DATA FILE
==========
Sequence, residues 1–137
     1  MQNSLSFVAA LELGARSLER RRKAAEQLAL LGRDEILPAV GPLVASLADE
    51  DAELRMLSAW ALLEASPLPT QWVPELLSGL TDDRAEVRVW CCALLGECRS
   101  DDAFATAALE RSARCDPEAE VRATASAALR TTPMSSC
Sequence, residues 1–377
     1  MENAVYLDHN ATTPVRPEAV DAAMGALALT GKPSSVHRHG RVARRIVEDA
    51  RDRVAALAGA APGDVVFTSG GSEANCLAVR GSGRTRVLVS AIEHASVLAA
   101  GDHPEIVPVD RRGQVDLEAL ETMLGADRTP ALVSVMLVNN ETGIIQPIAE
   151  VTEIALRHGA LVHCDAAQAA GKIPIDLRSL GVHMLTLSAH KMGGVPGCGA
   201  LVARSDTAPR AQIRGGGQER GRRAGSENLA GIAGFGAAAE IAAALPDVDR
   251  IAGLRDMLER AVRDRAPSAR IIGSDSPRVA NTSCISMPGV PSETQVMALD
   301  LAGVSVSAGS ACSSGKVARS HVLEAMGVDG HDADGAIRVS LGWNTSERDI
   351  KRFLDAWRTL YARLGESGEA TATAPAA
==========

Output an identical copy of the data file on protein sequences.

Sequence, residues 1–137
     1  MQNSLSFVAA LELGARSLER RRKAAEQLAL LGRDEILPAV GPLVASLADE
    51  DAELRMLSAW ALLEASPLPT QWVPELLSGL TDDRAEVRVW CCALLGECRS
   101  DDAFATAALE RSARCDPEAE VRATASAALR TTPMSSC
Sequence, residues 1–377
     1  MENAVYLDHN ATTPVRPEAV DAAMGALALT GKPSSVHRHG RVARRIVEDA
    51  RDRVAALAGA APGDVVFTSG GSEANCLAVR GSGRTRVLVS AIEHASVLAA
   101  GDHPEIVPVD RRGQVDLEAL ETMLGADRTP ALVSVMLVNN ETGIIQPIAE
   151  VTEIALRHGA LVHCDAAQAA GKIPIDLRSL GVHMLTLSAH KMGGVPGCGA
   201  LVARSDTAPR AQIRGGGQER GRRAGSENLA GIAGFGAAAE IAAALPDVDR
   251  IAGLRDMLER AVRDRAPSAR IIGSDSPRVA NTSCISMPGV PSETQVMALD
   301  LAGVSVSAGS ACSSGKVARS HVLEAMGVDG HDADGAIRVS LGWNTSERDI
   351  KRFLDAWRTL YARLGESGEA TATAPAA